Junior tennis coaches commonly argue that parents must push their children and be very involved to develop their talent, despite the strain on the parent-child relationship that may occur from these tactics. To examine parental influence on talent development and the parent-child relationship, nine professional tennis players, eight parents, and eight coaches were retrospectively interviewed about each player’s junior development based Bloom’s three stages of talent development (1985). Results are presented through aggregated, nonfiction stories of three tennis development pathways: smooth, difficult, and turbulent. Smooth pathways were typical of parents who were supportive and maintained a healthy parent-child relationship while facilitating talent development. Difficult and turbulent pathways involved parents who stressed the importance of tennis and created pressure by pushing their child toward winning and talent development. For difficult pathways, parent-child relationships were negatively affected but conflicts were mostly resolved, whereas for turbulent pathways, many conflicts remained unresolved.
Larry Lauer, Daniel Gould, Nathan Roman and Marguerite Pierce
Walter Gantz, Lawrence A. Wenner, Christina Carrico and Matthew Knorr
This paper describes the role of televised sports in married life. It documents how adults integrate televised sports into their relationship with their spouse and evaluate its impact on that relationship. Telephone interviews were conducted with 399 married adults residing in San Francisco and Indianapolis. Respondents were asked about their own TV sports viewing behaviors as well as those of their spouse. Televised sports appears to play a generally positive albeit small role in marital life. TV sports viewing often is a shared activity and does not appear to trigger many scheduling or TV viewing conflicts. And, when such conflicts occur, they appear to be resolved amicably and easily. It may be that accommodations for differing interests in TV sports are resolved early in a marital relationship, along with other accommodations that marriage often dictates.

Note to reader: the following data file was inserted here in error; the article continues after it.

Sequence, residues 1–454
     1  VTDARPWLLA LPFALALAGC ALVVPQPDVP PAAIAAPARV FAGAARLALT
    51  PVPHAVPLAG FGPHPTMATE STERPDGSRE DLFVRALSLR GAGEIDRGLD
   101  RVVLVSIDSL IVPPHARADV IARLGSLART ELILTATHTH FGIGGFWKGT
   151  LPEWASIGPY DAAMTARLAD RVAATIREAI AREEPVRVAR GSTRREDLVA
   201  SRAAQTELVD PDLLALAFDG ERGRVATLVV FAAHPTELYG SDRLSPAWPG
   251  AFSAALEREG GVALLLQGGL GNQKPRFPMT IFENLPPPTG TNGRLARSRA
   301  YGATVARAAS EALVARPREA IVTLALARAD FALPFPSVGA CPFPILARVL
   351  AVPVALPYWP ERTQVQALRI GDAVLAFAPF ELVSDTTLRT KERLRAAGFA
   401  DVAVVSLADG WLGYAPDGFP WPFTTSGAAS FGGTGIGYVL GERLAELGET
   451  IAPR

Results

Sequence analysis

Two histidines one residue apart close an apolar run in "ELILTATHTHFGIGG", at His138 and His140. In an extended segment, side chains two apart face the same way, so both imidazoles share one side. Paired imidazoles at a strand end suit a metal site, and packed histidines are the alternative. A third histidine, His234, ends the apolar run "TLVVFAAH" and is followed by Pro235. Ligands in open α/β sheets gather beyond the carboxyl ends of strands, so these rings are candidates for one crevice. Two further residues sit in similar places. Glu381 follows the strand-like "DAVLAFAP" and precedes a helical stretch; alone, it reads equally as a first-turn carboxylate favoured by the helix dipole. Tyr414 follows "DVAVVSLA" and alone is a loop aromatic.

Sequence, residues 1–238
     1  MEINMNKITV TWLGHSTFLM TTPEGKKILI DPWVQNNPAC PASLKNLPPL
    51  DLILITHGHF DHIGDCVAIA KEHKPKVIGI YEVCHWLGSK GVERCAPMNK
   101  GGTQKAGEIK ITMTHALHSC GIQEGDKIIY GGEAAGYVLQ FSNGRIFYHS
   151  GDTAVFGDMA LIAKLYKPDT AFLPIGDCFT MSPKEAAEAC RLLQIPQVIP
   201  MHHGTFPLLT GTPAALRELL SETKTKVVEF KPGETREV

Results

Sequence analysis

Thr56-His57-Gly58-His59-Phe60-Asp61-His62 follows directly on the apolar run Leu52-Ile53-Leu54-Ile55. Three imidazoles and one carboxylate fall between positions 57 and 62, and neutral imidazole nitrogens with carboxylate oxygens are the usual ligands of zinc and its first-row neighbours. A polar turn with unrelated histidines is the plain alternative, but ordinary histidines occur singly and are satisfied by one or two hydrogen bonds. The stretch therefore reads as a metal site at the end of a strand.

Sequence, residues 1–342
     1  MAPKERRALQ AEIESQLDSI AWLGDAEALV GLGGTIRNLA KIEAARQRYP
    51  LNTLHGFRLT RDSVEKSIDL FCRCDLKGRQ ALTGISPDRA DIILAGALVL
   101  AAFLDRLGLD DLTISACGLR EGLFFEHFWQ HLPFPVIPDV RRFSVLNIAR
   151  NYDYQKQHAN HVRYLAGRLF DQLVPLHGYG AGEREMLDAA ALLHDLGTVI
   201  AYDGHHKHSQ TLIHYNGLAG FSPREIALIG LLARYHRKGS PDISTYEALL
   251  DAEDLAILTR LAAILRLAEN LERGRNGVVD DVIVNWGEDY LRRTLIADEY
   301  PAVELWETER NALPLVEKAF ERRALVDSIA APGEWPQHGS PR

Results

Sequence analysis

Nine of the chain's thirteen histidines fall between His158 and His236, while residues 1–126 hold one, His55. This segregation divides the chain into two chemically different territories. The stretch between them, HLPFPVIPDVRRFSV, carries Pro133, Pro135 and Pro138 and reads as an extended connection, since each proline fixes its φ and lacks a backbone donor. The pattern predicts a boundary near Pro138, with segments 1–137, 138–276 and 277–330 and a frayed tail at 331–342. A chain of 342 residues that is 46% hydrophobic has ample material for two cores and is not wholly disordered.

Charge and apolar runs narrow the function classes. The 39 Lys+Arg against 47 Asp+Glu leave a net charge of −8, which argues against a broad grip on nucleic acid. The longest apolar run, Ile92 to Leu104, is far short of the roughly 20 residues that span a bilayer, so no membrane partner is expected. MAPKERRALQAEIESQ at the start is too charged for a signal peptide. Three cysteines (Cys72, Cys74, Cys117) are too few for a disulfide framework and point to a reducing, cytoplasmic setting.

Daniel Balderson and Tom Sharpe
This study examined the effects of personal accountability and personal responsibility instructional treatments on elementary-age, urban, at-risk physical education students. A multiple treatment ABAD, ACAD, ADA, control behavior analysis design was implemented across four distinct matched class settings to determine the separate and combined treatment effects of each instructional treatment on the number of occurrences and percentage of class time for the following: teacher management, student leadership, passive and disruptive student off-task, positive social behavior, and student conflict and conflict resolution behaviors. Study participants included fourth- and fifth-grade students from four elementary classes in an inner-city charter-school setting. Results indicated that both personal accountability and personal responsibility treatments were effective in the primary treatment setting for changing all managerial, off-task, and positive social measures in desirable directions. Recommendations include analysis of the potential long-range and generalized effects of social-skill instruction for underserved children and youth conducted in the context of physical education classes.
Jeroen B.J. Smeets, Leonie Oostwoud Wijdenes and Eli Brenner
We begin our response by clarifying the concept of detection, and explaining why this is needed for initiating, but not for adjusting a movement. We present a simulation to illustrate this difference. Several commentators referred to studies with results that might seem in conflict with our proposal that movement adjustments have short latencies because there is no need to detect anything. In the last part of our response, we discuss how we interpret these studies as being in line with our proposal.